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[p. 4] now known as the ‘Ladies' Aid Society,’ which has had an uninterrupted existence, though under various names, ever since. At first the Ladies' Society took the form of a sewing circle. The ladies ‘took in’ sewing, working on it at their weekly meetings, and the money received for the work done there went into the treasury. Any member bringing her own sewing to the meeting was fined six cents.

From 1846 to 1854 the following able and consecrated pastors served the Methodist Episcopal Church in Medford: Revs. J. A. Adams, James Shepard, Thomas W. Tucker, Willard Smith, A. D. Merrill, John W. Perkins and Charles Noble. Revs. E. S. Best and William A. Braman followed. During Mr. Braman's ministry the vestry was repaired and improved, and a gracious revival of religion was experienced. Rev. A. F. Herrick followed, and was succeeded by Rev. Jarvis A. Ames. Mr. Ames was appointed to Medford in April, 1861, and on the day he arrived news came of the attack on Fort Sumter. The next Wednesday the Lawrence Light Guard left Medford for three months service at the front, and Mr. Ames offered the farewell prayer as the company gathered around him in Medford square. He proved himself a loyal citizen and ardent patriot in the two years he remained at Medford. One of his chief characteristics was his fearless outspokenness for what he believed to be right and the uncompromising attitude he took in the matter of slavery and State rights. During his pastorate he wrote a history of the church from its earliest beginnings in Medford, and the book containing his history, in his own handwriting, is still preserved in our archives.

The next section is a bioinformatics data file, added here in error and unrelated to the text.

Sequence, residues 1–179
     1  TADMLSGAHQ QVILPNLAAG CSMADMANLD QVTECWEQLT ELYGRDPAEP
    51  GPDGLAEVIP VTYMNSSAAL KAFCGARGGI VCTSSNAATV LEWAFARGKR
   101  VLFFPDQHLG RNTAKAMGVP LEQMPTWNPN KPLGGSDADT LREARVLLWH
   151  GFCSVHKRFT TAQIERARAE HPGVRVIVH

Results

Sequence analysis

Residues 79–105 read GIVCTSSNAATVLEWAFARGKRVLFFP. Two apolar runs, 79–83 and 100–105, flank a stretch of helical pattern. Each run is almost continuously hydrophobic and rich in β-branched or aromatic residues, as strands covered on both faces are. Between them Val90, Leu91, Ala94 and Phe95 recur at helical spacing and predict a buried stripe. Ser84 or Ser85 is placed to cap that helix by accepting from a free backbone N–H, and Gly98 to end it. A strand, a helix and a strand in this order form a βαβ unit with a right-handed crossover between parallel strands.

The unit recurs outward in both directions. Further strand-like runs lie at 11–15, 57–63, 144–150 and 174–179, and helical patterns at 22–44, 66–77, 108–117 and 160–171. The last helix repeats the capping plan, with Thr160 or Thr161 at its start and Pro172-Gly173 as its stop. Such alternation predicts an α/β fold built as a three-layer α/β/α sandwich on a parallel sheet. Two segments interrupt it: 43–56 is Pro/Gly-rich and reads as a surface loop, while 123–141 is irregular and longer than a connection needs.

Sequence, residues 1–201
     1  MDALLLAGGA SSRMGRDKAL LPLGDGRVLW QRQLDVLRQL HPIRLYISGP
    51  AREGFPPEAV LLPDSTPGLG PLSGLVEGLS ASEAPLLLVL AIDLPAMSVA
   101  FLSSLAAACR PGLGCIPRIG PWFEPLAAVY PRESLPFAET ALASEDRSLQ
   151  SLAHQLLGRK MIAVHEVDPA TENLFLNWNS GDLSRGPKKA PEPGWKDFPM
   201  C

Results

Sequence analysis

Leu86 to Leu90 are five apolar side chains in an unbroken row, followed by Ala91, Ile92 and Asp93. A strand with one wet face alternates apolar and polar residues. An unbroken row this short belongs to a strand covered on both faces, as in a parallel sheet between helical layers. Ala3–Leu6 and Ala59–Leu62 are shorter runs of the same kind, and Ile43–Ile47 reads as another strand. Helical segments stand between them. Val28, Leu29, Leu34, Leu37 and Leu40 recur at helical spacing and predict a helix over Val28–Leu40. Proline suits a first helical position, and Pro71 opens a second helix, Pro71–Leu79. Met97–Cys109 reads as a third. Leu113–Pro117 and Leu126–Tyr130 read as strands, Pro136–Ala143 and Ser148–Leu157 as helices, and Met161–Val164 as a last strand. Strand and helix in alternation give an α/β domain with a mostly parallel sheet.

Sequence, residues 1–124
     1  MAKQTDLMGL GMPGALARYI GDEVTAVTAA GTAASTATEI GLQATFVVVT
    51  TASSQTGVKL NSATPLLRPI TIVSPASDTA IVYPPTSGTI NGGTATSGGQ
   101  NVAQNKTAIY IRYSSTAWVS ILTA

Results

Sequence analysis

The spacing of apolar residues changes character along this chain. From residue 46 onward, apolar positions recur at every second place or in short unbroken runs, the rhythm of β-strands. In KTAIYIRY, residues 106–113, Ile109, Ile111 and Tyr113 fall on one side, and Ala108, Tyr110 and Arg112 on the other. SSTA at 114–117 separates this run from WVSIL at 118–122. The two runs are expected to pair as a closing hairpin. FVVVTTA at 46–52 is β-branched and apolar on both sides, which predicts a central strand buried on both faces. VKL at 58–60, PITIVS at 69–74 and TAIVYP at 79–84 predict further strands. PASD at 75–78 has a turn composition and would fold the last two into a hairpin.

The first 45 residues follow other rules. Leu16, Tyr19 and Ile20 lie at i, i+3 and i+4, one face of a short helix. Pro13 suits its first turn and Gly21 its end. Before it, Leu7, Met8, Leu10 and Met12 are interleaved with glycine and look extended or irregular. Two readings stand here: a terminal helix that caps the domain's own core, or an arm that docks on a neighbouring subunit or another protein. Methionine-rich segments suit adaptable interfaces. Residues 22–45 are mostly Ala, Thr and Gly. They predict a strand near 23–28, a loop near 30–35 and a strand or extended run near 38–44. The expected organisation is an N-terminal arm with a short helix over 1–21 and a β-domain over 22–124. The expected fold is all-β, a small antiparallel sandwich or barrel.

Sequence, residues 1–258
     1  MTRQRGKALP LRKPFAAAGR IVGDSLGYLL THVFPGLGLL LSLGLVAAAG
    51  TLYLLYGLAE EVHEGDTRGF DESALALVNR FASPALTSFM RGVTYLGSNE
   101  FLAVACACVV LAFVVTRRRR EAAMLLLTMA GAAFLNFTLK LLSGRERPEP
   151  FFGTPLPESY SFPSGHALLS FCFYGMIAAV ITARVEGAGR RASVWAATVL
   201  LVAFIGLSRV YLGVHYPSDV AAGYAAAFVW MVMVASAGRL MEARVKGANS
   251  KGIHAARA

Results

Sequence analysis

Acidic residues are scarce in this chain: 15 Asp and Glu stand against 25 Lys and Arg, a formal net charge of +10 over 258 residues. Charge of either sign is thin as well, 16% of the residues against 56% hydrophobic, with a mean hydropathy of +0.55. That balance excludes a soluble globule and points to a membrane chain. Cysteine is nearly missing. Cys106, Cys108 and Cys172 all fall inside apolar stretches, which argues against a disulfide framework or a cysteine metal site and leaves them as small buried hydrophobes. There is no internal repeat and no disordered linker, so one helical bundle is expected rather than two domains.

Among those who fought for the Union from the First Methodist Episcopal Church in Medford were: William H. S. Barker; Edward Gustine (killed at the battle of Malvern Hill); Daniel S. Cheney (killed at the battle before Richmond); George F. Kittredge; William B. Parker; Charles O. Alley; Henry G. Currell (died a prisoner at Andersonville); Edward F. Crockett; Henry Hathaway;

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